If nanobacteria are confirmed to be ubiquitous and active on the Earth (and possibly in space) then experiments such as determining how viable but non-culturable the nanobacterial cells are, sequencing their genomes, studying activities (e.g. are nanobacteria capable of nitrogen fixation which would require a larger genome), membrane structure and function studies, and making bacterial artificial chromosomes in bacteria and studying functional genomics will bring forth novel information. Moreover, it would be interesting to know if they are capable of any gene transfer mechanisms and if their DNA can be used to transform normal sized bacteria. It would also be useful to know if the nanobacteria contain any extrachromosomal plasmid DNA or if their genome is more like a plasmid.

Uncertainties as to the absolute existence and link between nanobacteria and present-day bacteria suggest that the wise scientific approach is to use the scientific method and observation skills and be prepared to detect living cells over a wide range of sizes [46] and forms, and from as many diverse and unstudied samples as possible. The origin and self-assembly of life likely followed some type of sequential organization from the molecular to the biosphere level, simple to complex, chaotic/disorganized to organized and capable of growth and division. One way to achieve this may have been to self-assemble a minimal cell-minimal genome that optimized its genome and integrated biochemical machinery to a larger cell that was the basis for colonial cells and eukaryotic cells. By examining major events that most likely had to occur in a general order, it may be easier to understand the specific events that occurred during evolution. The converse is also true.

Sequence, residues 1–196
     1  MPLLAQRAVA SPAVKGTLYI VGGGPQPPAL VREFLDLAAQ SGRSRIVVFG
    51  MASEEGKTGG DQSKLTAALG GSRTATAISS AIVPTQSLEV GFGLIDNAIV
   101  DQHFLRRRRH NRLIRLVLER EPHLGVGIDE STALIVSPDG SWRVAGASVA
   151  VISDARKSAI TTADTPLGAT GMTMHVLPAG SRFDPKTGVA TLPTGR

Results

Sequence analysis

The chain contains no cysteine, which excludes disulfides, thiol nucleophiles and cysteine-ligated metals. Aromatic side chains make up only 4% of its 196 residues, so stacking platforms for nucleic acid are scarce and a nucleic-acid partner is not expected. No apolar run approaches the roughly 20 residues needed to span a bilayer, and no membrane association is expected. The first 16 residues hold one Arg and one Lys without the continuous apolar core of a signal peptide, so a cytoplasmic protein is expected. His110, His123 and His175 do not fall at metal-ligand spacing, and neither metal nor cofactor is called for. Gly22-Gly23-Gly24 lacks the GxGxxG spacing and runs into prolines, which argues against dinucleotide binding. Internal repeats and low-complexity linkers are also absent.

In recent times, the possibility that we are but one universe within a multiverse has been debated. This may or may not suggest that life may have self-assembled in other universes which are part of a multiverse. The origin of a multiverse may have been from multiple big bangs as opposed to a singular event. If an event happens once, it does not mean it will happen again, especially if the events are mutually exclusive. If they are not exclusive events, then the possibility of a multiverse should be discussed and debated from an origin and evolution of life perspective and from the basis that the cell is the basic unit of life regardless of its size.


This research was supported by a Natural Sciences and Engineering Research Council Operating Grant (NSERC Canada) to J.T.T. R.P. was supported by FWF (Austrian Science Foundation).


  1. [1].
  2. [2].
  3. [3].
  4. [4].
  5. [5].
  6. [6].
  7. [7].
  8. [8].
  9. [9].
  10. [10].
  11. [11].
  12. [12].
  13. [13].
  14. [14].
  15. [15].
  16. [16].
  17. [17].
  18. [18].
  19. [19].
  20. [20].
  21. [21].
  22. [22].
  23. [23].
  24. [24].
  25. [25].
  26. [26].
  27. [27].
  28. [28].
  29. [29].
  30. [30].
  31. [31].
  32. [32].
  33. [33].
  34. [34].
  35. [35].
  36. [36].
  37. [37].
  38. [38].
  39. [39].
  40. [40].
  41. [41].
  42. [42].
  43. [43].
  44. [44].
  45. [45].
  46. [46].
View Abstract